Buffalo National Park was created near the town of Wainwright in east central Alberta on June 5, 1909. It was closed in 1940 and delisted in 1947 when the land was transferred to the Department of National Defence. The 583 km2 (225 sq mi) park land now comprises the majority of Canadian Forces Base Wainwright. The first Park Warden was Bud Cotton, who served from 1912 through 1940.
Buffalo National Park, with a focus on plains bison (often referred to as buffalo), was one of several national parks created in the Canadian Prairies expressly to protect and regenerate dangerously low populations of bison and pronghorns. Other 'regeneration' parks, also delisted in 1947, included Wawaskesy National Park, Nemiskam National Park (both in Alberta), and Menissawok National Park in Saskatchewan.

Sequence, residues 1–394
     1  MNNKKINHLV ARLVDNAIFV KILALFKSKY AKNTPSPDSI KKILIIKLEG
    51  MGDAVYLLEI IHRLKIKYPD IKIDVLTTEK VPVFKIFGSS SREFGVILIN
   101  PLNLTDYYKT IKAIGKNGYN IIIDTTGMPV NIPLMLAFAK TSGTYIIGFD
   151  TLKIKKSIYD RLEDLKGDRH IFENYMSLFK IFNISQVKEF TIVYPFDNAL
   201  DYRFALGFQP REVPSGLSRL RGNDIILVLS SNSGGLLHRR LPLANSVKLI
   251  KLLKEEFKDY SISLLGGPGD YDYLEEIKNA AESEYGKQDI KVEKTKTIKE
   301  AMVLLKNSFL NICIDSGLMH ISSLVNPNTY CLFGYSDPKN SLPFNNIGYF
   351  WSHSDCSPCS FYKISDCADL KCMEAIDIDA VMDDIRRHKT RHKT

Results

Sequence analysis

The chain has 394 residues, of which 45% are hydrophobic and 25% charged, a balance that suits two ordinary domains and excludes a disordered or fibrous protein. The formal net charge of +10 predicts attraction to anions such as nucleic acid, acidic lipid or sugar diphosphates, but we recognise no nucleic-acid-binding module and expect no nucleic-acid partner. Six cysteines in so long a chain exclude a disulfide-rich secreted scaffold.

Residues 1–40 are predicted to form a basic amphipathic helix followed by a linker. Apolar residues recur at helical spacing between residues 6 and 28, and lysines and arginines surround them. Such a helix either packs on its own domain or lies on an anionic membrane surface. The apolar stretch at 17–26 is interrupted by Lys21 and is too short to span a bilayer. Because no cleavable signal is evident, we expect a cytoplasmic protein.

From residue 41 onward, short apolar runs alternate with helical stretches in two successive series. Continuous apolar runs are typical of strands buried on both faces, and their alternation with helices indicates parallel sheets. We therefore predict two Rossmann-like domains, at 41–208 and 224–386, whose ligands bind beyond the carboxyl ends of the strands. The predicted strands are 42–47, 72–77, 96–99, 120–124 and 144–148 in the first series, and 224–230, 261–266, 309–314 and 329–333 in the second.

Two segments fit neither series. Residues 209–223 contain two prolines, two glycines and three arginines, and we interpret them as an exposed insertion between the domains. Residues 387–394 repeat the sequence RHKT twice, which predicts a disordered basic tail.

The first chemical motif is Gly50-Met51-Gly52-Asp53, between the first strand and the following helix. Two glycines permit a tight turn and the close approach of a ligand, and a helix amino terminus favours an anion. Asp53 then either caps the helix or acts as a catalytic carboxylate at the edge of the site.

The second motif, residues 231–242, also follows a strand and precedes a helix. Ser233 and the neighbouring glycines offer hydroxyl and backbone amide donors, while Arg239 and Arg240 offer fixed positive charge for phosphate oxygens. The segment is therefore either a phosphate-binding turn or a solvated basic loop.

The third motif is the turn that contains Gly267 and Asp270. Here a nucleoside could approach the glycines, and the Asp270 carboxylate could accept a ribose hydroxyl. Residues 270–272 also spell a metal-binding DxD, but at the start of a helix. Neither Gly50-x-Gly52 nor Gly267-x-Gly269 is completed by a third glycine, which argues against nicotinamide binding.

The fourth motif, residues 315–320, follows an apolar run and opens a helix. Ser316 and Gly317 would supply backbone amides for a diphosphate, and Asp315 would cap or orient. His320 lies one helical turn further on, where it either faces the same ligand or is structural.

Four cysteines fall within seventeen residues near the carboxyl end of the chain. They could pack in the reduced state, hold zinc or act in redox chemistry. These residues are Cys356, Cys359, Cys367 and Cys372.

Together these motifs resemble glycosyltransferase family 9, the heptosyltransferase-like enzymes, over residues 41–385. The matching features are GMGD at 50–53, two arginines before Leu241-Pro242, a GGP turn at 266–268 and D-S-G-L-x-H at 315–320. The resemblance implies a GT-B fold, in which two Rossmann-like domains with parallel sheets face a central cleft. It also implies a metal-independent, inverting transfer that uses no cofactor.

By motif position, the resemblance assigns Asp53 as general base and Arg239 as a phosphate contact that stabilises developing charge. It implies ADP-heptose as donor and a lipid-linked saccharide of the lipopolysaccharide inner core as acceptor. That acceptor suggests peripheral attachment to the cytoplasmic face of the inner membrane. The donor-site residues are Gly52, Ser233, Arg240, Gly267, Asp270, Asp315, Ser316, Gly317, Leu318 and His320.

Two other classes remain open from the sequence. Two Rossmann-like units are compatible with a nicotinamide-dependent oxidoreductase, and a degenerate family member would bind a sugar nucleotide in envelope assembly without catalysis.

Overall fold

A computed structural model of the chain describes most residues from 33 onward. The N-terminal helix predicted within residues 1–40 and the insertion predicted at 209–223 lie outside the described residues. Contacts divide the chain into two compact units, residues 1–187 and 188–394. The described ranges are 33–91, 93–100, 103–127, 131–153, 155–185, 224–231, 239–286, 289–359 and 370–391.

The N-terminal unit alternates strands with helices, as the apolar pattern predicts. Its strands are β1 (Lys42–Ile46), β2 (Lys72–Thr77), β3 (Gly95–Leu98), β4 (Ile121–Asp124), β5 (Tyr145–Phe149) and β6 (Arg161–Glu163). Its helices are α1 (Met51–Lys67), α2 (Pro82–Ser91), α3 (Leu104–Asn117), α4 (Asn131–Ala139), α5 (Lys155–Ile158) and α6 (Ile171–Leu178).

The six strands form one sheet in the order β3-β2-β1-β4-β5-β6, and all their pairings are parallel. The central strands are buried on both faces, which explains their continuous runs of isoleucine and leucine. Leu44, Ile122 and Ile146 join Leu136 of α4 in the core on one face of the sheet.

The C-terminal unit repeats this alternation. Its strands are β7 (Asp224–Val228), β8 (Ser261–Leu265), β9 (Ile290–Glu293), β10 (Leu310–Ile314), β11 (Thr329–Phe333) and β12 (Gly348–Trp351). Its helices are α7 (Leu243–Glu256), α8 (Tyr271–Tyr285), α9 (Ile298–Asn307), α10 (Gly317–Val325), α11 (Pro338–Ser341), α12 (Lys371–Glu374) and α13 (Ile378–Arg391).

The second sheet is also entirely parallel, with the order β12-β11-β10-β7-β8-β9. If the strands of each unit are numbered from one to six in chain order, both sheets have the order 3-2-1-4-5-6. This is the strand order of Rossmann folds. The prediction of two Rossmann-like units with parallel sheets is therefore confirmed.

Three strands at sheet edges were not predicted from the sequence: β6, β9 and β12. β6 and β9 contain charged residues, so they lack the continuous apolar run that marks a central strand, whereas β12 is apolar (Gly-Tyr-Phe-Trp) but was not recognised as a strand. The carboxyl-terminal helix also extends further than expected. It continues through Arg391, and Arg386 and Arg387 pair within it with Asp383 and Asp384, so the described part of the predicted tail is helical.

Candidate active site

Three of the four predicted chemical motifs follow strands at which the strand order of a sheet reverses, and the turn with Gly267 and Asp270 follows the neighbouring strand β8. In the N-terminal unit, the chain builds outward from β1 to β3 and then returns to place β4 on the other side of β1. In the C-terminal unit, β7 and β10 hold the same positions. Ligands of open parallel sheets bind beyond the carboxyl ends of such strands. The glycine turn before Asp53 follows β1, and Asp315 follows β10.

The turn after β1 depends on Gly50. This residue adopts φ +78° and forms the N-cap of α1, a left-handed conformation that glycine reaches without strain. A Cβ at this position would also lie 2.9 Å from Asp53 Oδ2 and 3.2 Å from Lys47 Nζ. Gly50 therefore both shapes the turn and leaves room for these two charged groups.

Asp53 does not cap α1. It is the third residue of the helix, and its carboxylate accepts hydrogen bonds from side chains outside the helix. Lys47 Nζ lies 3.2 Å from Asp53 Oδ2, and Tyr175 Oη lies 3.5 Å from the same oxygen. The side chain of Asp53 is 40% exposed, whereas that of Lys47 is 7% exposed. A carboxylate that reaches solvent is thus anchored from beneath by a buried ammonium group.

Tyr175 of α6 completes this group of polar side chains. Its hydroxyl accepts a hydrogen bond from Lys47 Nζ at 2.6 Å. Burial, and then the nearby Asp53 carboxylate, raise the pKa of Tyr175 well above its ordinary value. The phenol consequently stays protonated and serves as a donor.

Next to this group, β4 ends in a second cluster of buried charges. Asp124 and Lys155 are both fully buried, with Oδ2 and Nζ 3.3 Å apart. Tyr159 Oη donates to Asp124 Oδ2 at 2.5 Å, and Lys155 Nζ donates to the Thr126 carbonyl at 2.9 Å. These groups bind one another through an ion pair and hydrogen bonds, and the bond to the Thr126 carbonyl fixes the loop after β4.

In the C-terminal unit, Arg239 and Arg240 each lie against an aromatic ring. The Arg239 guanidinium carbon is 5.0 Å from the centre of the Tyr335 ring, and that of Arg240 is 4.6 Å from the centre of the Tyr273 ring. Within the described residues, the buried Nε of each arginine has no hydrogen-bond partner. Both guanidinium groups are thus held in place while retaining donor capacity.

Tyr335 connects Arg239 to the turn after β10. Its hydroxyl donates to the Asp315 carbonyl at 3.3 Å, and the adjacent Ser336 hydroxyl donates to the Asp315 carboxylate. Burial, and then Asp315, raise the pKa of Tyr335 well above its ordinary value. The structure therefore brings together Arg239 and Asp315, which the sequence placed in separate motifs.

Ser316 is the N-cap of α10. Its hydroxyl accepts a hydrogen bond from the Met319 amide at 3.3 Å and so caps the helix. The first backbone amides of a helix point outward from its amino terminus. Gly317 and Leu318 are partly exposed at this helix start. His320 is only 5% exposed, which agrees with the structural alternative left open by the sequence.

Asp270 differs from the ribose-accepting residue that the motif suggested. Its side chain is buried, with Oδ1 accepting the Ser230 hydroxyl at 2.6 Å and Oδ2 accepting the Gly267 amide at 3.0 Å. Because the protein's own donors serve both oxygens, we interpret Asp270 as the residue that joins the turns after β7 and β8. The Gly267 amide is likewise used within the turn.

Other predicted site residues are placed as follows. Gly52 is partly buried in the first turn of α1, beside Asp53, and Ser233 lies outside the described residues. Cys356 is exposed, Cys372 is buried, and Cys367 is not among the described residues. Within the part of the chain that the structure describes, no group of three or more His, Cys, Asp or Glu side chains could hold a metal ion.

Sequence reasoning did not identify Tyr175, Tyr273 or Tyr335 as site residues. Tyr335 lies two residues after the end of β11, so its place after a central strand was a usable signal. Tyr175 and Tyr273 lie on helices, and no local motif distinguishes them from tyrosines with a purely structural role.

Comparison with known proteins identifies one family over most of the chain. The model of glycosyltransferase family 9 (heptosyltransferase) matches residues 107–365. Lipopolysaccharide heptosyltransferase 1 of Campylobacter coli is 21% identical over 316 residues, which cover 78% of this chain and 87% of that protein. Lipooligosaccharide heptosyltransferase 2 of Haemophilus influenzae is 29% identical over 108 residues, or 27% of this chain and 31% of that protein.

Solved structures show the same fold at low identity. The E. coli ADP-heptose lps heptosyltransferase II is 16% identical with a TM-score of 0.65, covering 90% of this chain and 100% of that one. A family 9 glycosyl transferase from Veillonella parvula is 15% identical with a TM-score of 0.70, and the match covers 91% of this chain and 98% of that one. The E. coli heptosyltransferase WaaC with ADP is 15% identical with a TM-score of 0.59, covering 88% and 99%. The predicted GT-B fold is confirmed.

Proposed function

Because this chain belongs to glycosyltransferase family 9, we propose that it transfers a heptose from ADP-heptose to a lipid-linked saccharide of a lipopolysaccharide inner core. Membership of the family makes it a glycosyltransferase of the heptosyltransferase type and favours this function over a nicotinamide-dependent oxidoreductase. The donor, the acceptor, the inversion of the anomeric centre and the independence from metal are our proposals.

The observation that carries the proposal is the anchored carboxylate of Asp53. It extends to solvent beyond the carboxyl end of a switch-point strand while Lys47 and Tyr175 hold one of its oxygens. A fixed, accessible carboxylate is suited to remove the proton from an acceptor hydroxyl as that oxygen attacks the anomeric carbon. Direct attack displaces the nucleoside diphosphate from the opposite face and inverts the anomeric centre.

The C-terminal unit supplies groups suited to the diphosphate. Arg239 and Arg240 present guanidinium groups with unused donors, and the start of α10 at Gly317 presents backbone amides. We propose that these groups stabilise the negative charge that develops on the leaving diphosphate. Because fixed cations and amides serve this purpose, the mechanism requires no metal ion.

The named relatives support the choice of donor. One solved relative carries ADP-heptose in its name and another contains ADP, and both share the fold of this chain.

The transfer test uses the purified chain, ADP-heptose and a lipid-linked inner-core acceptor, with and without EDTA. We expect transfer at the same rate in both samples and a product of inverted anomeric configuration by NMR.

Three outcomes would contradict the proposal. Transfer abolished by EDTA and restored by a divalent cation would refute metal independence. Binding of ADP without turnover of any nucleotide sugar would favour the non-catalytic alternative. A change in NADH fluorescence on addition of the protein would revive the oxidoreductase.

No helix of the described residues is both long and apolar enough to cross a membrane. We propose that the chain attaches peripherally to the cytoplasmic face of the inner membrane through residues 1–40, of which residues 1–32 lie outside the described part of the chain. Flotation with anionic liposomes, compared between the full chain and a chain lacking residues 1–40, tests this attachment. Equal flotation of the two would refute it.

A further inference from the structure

Buffalo National Park was populated by the Canadian government with a herd of roughly 700 bison, purchased from the Flathead Reservation in Montana, United States. The herd was transported to the new park by train. The park also received smaller populations of elk and moose. During its thirty one years of activity, the park produced 40,000 bison, 3000 wapiti, and 300 moose.
The park eventually fell victim to its own success, for as numbers grew, disease and starvation spread among the herd, competing for food on the park's limited space. Sanctioned slaughters in the late 1910s brought public outcry. Culling continued on an annual basis thereafter, including the transfer or sale of bison to other parks, such as about 6000 to 7000 head sent to Wood Buffalo National Park during the 1920s.
With its mission accomplished, the park was closed in 1940. In 1980, to commemorate the 75th anniversary of Alberta and the legacy of the former Buffalo National Park, four bison from Elk Island National Park were moved to Wainwright. Today, about a dozen bison reside on CFB Wainwright in Bud Cotton Paddock, named for the first Park Warden.